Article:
By the end of this century, Chicago’s climate is projected to become so warm that it will mirror the conditions seen in present-day Alabama. As warmer climates shift northward and expand mosquito-friendly environmental conditions, the risk of mosquito-borne viruses will increase considerably. The forecasted spike in mosquito population in the Chicago area helped prompt Chicago’s Department of Innovation and Technology (DoIT) to partner with the Chicago Department of Public Health (CDPH) to use data to find new solutions for this projected public health issue. The city built a predictive model to determine one week in advance whether or not a particular area will have West Nile virus-carrying mosquitoes. With such a model, Chicago can direct mosquito-spraying efforts towards areas that pose the greatest risk, mitigating the potential of a viral outbreak.
The concept for Chicago’s West Nile virus analytics project came via Kaggle, an online platform for analytics and predictive modeling competitions. In early 2015, CDPH, in partnership with DoIT, launched a Kaggle competition of its own by posting some West Nile virus visualizations and starter code in R (a program language and software for running statistical analyses) and Python (a high-level programming language for general computer program and analyses) on Kaggle Scripts. In 2017, following a successful pilot program, Chicago operationalized its West Nile virus analytics model. Chicago’s efforts to combat West Nile virus can potentially be replicated to help cities manage public health risks associated with other mosquito-borne illnesses, including the Zika virus. Chicago’s model along with instructions for running it are available on the city’s GitHub page.
Zika Outbreak Triggers Coordinated Analytics Response from Cities across the U.S.
The Zika virus burst onto the international stage in 2016 as a global health emergency. While Zika is not a new virus, the unprecedented outbreak in 2016 brought this disease to the fore of public health debates around the globe. While travel-related Zika cases in the United States remain limited, local health officials and urban policymakers alike must grapple with the risk that Zika-infected mosquitoes pose to their communities. Zika is transmitted by the Aedes aegypti mosquito, which thrives in warm, wet climates. So, like West Nile virus, the risk of Zika in cities across the country will likely only grow in the years to come as climates become warmer around the globe.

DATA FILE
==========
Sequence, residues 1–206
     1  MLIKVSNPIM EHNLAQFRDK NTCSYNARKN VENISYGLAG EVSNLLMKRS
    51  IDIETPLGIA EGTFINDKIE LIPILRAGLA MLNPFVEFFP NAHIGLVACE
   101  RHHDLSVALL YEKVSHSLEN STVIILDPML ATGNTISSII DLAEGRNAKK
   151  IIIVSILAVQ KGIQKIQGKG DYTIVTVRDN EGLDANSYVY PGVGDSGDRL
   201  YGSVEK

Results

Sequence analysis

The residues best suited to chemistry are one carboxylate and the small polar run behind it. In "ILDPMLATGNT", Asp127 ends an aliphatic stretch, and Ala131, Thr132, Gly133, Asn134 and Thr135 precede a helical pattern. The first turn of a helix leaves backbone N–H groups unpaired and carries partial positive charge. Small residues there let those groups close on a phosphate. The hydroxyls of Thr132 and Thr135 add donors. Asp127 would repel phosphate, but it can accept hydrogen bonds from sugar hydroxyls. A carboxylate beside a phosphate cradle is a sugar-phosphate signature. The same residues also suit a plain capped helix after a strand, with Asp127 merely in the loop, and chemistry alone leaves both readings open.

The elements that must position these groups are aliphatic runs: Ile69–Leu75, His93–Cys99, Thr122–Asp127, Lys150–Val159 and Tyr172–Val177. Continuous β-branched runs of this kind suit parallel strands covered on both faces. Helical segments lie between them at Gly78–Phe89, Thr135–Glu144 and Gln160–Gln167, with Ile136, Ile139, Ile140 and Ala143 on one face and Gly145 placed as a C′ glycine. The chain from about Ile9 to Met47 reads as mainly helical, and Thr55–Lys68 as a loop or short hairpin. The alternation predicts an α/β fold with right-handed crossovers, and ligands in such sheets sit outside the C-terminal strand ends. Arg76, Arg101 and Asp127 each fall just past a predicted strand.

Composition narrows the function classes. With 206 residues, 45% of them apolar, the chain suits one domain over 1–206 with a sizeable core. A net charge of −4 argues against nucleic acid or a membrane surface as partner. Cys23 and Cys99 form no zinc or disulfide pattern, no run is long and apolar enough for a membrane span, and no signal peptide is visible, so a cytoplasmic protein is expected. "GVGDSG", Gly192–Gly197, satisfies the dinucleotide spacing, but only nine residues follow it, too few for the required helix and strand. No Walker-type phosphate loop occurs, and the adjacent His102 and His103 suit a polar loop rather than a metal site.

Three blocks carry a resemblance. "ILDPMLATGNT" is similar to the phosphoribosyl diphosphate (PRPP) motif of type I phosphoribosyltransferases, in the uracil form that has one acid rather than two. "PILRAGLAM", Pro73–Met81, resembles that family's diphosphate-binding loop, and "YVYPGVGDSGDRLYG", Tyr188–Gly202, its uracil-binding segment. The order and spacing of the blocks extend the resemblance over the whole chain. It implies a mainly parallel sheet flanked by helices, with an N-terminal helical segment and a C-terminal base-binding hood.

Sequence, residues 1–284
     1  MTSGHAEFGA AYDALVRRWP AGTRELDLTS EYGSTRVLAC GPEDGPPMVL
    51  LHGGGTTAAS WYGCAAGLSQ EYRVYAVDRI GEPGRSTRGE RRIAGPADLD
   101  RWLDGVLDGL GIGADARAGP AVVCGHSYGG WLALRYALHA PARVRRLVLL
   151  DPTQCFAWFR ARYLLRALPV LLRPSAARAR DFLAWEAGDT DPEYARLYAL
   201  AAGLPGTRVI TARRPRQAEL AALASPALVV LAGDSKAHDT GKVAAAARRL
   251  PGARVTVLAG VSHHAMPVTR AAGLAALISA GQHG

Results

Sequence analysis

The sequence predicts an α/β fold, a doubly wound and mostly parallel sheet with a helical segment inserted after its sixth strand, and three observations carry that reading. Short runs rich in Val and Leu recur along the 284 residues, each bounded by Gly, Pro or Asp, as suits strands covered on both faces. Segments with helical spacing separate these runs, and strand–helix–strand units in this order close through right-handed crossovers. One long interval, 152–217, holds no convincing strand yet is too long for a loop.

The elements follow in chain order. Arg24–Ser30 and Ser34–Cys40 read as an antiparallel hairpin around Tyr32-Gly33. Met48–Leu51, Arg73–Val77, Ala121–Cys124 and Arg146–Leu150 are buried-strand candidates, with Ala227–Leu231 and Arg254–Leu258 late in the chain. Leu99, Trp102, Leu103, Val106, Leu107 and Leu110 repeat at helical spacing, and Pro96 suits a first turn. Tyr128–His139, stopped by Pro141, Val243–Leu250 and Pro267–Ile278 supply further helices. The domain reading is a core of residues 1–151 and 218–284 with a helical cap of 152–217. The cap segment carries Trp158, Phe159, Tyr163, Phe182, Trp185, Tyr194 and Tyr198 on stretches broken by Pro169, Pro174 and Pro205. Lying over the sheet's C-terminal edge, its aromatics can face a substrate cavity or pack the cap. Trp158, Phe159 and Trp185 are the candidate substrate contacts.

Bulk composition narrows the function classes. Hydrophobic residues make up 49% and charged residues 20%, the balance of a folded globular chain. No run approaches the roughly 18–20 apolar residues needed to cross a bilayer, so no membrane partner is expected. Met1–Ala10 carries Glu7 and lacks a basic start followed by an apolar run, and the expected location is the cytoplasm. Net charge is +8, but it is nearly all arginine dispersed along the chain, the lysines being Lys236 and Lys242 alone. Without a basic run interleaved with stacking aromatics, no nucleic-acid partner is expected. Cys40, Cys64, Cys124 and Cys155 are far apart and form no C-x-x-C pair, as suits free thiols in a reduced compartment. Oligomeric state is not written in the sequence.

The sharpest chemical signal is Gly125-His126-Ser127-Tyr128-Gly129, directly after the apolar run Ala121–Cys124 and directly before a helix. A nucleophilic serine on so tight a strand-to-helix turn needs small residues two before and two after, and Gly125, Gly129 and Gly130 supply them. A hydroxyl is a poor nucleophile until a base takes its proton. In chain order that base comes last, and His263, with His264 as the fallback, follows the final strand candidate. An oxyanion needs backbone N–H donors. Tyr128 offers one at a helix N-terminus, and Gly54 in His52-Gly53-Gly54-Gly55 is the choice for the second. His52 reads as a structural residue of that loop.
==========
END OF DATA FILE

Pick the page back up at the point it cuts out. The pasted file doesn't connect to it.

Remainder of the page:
Unlike Chicago’s forecasted West Nile virus risk, New Orleans is already home to abundant Aedes aegypti populations. New Orleans, like most cities, has well-established mosquito monitoring systems in place, but following the 2016 Zika outbreak additional methodologies and resources for controlling, monitoring, and predicting population spikes were needed. For example, New Orleans is using ArcGIS (a geographic information system, GIS, software system) to create risk maps based on analytics to help identify baseline larval habitats and to streamline sampling after the city intervenes with a population.
National analytics strategies for addressing the risk of the Zika virus are still being structured, but a key first step for successfully deploying analytics in this area is to identify risk factors that could potentially exacerbate climate-based and warm season outbreaks. For example, in his Data-Smart City Solutions article, Jonathan Jay argues that analytics that correlate mosquito populations with vacant property areas can help cities pinpoint areas at high risk for an outbreak. Integrating or replicating existing analytics models is a likely next step. For instance, New Orleans is already using analytics to tackle blight, and linking this housing-specific effort to public health data could provide invaluable insights into mosquito-borne disease outbreaks and how to curb them.
Chicago Optimizes Restaurant Inspections with Analytics
Chicago has more than 7,300 restaurants within city limits, plus thousands of grocery stores and other food vendors. Despite the fact that the number of food establishments in Chicago totals more than 15,000, however, the city only employs three dozen inspectors. With no additional resources available for restaurant inspectors, the city needed to work smarter to improve its inspection performance. Following media reports highlighting poor food quality and inspection performance in restaurants, city officials focused on finding new solutions to help improve inspection processes. Chicago’s Department of Innovation and Technology (DoIT) worked with the Chicago Department of Public Health (CDPH) to develop an analytics model that would help forecast restaurants’ risk of failing inspection. The model, developed in partnership with AllState’s pro bono team, enabled the city to identify critical violations an average of seven days earlier than the previous process for ordering the inspections. In addition, Chicago’s Data Portal (the city’s open data hub) houses a Food Inspections tracker to provide the community with transparent, real-time information on the food inspection results for city restaurants.